Despite plunging profits and a bleak earnings outlook, Intel executives indicated on Tuesday that they will continue to slash processor prices as they push to replace the Pentium III with the Pentium 4.
"They'll be decimating pricing," said analyst Dan Niles of Lehman Brothers in San Francisco. "They're going to take a beating on margins, which is what's happening already."
In tallying the results of a dour quarter in which net income plummeted 92 percent compared with year ago, Intel executives said yesterday that while processor shipments were up from the first quarter, the company's gross profit margins fell to 48 percent, well below the 60 percent margins of a year ago. For the third quarter, the company forecasted the margins would dip even further.
Paul Otellini, Intel's executive vice president, told analysts during a conference call that the price cuts are part of the company's "single-minded drive" to replace the Pentium III with the Pentium 4 in PC systems priced at $800 and above by the end of the year.
"We have an objective of driving the Pentium 4 farther down into the marketplace than the Pentium III was at this point in its life," Otellini said. "I would categorize this as aggressive a transition as Intel has spearheaded since the 486 Pentium transition."
By moving the Pentium 4 into the "sweet spot" of the market, Intel hopes to eliminate rival AMD's traditional low-price advantage, as well as lure away potential AMD buyers by offering faster clocked chips for the same price, said one analyst.
"But the company will pay a price for that, and has already paid a price as its average selling price [per product] was down 8 percent in the second quarter," said Ashok Kumar, an analyst with US Bancorp Piper Jaffray in Minneapolis.
While higher volume sales could offset lower profit margins, that's unlikely given the current economic climate.
"The issue of price cutting is compounded by the slower spending environment, particularly in the corporate market," Kumar said.
Intel's low-price initiatives are seen as key to its offensive against AMD, which this year increased its overall share of the PC market from the upper teens to about 22 percent.
"Intel is basically going to sacrifice the rest of this year to move ahead of AMD," Kumar said.
But while analyst Jonathan Joseph of Salomon Smith Barney believes Intel will continue to trim prices, he says the cuts will "definitely not" be as dramatic as the ones made in the second quarter.
"I think the outlook is for processor prices to decline only slightly this quarter and then be flat to up in the fourth quarter," said Joseph in San Francisco.
Intel's pricing moves in April highlighted the company's unusually aggressive moves this year. During that month, the chip maker slashed the price on its 1.5GHz Pentium 4 nearly 60 percent. In addition, it also introduced a faster 1.7GHz Pentium 4 that month at $352 in 1,000-unit shipments, well below the $700 to $1,000 price range its highest speed chips were initially offered for last year.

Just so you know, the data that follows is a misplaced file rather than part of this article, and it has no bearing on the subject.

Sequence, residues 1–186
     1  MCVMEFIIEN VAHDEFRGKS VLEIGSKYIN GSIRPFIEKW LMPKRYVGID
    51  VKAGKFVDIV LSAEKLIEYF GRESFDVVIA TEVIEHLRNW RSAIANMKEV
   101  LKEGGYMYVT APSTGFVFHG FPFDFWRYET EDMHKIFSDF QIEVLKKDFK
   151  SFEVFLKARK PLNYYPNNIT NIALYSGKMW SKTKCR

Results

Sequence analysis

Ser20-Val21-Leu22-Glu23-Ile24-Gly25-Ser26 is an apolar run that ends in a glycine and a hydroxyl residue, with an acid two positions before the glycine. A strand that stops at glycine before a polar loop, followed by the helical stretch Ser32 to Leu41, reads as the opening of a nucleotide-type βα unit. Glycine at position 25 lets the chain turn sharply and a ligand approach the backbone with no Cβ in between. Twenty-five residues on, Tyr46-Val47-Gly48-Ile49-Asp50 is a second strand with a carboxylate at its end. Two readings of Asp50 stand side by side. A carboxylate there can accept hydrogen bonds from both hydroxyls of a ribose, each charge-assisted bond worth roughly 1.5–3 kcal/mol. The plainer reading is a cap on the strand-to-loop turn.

Intel's price-cutting moves not only eroded its own profit margins, but those of AMD as well, which blamed lower earnings last week on the PC processor price war.
"Frankly, we were surprised by the aggressiveness and number of price changes Intel implemented last quarter," Jerry Sanders, AMD's chairman, told analysts at the time. But Sanders vowed the company would continue to strive to match or beat Intel on pricing.
While Intel's price moves may hurt AMD financially, the smaller chip maker will likely remain a strong competitor, observers said.
"Intel may gain a single percentage point in market share," Joseph said, "but they are not going to be driving AMD into the Stone Age."
For the second quarter, Intel posted a net profit of $196 million, or 3 cents per share, down sharply from $3.14bn, or 45 cents per share, in the year-ago quarter. Revenue was down 24 percent from a year ago, coming in at $6.3bn.
Looking ahead, Intel's Otellini said the chip maker is on track to release its new Pentium III mobile chips later this month, code-named Tualatin, that are built using a more advanced manufacturing process that will enable mobile chips to move beyond 1GHz. The new smaller chips will also consume less energy, offering extended battery life.
In the desktop arena, Intel will release a 2GHz Pentium 4 this quarter and move beyond 2GHz by the end of the year, Otellini said.
Possibly most noteworthy, Intel confirmed that it will soon release its 845 chip set, which will enable Pentium 4 users to utilize less costly synchronous DRAM (or SDRAM) memory, rather than the Rambus DRAM (or RDRAM) that Intel's top-performing chip is currently paired with.
"We will begin volume shipments of the 845 within two weeks, well ahead of our original schedule," Otellini said.
The chip set is a crucial component in Intel's plans to move the Pentium 4 into less costly PCs. In addition, the chip set is expected to become the mainstay with Pentium 4 in commercial PCs, since corporate customers have shown a preference for using SDRAM over the more costly RDRAM.
Otellini said his company is "cautiously optimistic" that sales will rebound later this year after months of declining earnings and weak demand blamed largely on a sluggish U.S. economy.
But there is still no solid evidence supporting such a projection, Piper Jaffray's Kumar said.
"There's basically hope, a wish and a prayer that there will be something of a rebound in the second half," he said. "But I don't see people going out and spending their tax rebates on new PCs."
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